Document Type


Publication Date

Winter 2007


The debate over the proper balance between national security and freedom of the press has increasingly focused on the media's potential criminal liability for publishing sensitive information, as was threatened after the New York Times and the Washington Post disclosed the U.S. government's secret and warrantless wiretapping of domestic phone calls. With the issue of press liability for the publication of national security information, however, comes a bevy of difficult questions concerning the scope of the protections afforded to the press under the First Amendment.

This essay attempts to survey these questions in light of the absence of an overarching framework statute, akin to England's Official Secrets Act, that in clear and sweeping terms specifies the means and manner in which the press may be held criminally liable for publishing sensitive information. As this essay explains, the statutory framework governing the complicated balance between governmental secrecy and the freedom of the press in the United States is little more than a disorganized amalgamation of unconnected provisions. Some of the provisions overlap and border on redundancy. Others are difficult to parse, and cannot possibly prohibit what their plain language appears to suggest. Still others, when read together, seem to promote mutually inconsistent policy goals.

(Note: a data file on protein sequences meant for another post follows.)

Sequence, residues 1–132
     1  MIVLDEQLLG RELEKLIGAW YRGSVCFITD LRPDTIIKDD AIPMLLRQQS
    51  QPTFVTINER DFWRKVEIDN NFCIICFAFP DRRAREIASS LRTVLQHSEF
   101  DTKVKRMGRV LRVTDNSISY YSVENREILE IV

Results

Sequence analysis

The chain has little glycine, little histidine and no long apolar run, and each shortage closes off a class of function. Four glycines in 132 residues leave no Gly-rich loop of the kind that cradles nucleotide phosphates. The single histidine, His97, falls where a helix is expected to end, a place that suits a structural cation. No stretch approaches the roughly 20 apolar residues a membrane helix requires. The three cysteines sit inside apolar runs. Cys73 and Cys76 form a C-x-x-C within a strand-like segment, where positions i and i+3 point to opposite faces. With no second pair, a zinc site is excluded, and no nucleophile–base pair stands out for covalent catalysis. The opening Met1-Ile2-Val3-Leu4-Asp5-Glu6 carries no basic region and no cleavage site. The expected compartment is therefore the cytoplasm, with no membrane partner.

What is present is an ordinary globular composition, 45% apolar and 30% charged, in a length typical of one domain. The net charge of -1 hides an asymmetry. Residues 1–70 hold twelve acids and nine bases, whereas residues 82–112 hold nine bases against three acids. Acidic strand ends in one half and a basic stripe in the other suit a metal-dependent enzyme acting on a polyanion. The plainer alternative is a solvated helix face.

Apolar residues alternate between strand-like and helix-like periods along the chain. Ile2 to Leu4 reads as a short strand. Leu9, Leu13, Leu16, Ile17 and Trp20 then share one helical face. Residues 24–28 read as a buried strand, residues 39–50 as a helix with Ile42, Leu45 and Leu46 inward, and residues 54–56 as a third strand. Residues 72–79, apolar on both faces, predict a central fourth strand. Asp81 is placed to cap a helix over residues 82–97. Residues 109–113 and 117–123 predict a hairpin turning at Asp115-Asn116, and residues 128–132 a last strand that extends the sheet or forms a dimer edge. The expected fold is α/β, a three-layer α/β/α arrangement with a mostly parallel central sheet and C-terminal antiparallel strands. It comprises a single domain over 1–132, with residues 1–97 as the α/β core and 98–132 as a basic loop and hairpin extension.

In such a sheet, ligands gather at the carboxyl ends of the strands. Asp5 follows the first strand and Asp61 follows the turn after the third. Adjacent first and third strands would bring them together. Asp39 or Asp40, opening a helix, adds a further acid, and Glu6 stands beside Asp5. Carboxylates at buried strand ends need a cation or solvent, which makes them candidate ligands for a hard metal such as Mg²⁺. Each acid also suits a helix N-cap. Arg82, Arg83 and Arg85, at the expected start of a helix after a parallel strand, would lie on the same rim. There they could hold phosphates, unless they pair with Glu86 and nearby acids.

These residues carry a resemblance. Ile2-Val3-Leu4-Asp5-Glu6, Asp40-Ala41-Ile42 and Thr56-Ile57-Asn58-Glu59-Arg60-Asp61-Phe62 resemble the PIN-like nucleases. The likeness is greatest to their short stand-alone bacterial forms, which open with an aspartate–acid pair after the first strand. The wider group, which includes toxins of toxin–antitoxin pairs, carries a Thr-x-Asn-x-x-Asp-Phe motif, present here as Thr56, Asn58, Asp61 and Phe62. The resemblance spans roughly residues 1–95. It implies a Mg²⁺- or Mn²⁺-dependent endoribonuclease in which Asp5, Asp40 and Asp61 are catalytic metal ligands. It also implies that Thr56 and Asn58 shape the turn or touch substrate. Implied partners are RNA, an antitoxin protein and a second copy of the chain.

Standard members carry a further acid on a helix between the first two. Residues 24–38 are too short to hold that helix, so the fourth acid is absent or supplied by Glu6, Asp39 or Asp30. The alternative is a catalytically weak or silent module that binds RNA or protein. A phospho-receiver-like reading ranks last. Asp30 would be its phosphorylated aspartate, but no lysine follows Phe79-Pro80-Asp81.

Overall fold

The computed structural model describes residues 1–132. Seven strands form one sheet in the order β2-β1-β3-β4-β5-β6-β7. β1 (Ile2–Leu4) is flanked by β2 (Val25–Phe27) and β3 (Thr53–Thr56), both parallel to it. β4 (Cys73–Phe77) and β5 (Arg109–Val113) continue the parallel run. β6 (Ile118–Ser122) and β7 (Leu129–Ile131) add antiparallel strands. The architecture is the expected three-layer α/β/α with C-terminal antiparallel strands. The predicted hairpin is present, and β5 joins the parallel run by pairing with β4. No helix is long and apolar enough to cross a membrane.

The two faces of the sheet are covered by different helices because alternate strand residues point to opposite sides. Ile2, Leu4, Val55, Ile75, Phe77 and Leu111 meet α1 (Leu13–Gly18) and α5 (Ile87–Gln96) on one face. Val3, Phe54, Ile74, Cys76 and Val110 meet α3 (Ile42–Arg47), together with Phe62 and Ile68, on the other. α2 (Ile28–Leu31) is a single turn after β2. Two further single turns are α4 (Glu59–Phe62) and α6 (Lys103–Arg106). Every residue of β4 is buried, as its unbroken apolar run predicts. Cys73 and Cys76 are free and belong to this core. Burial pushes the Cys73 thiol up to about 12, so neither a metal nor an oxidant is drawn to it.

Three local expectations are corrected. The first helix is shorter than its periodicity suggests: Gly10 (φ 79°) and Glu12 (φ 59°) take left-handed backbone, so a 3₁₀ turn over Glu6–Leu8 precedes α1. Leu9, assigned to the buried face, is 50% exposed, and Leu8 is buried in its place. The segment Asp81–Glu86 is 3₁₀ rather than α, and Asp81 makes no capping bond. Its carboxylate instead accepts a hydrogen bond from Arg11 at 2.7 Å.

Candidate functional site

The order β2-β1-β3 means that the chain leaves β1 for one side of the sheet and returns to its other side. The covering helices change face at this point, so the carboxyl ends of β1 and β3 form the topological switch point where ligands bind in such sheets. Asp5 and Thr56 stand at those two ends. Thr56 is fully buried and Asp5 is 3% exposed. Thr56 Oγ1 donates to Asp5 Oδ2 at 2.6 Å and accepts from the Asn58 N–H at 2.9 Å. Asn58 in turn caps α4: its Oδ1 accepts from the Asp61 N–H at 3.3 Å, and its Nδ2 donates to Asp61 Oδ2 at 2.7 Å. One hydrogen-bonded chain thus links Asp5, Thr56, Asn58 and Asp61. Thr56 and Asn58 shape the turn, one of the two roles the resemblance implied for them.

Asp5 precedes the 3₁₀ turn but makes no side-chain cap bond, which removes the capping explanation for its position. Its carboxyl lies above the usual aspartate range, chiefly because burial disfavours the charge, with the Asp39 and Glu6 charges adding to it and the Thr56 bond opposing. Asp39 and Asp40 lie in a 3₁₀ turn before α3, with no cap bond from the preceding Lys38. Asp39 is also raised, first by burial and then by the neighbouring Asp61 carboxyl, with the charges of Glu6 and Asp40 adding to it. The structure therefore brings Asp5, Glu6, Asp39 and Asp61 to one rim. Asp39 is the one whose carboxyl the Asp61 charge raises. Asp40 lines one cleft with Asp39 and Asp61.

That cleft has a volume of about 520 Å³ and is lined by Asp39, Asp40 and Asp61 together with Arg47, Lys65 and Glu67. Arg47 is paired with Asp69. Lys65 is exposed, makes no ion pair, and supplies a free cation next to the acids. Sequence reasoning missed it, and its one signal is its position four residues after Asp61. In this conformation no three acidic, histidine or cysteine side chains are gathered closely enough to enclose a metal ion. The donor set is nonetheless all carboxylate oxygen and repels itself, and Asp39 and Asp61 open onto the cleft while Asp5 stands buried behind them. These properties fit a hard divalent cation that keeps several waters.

Yet, because the Espionage Act prohibits even the possession of sensitive national security information, one of the most important questions, going forward, is the potential liability reporters face for newsgathering, as opposed to reporting, in the national security field. Because the Press Clause has not traditionally been understood to protect actions short of publication, the real threat to the freedom of the press, this essay suggests, is the openendedness of the relevant statutes when read together with theories of inchoate liability.



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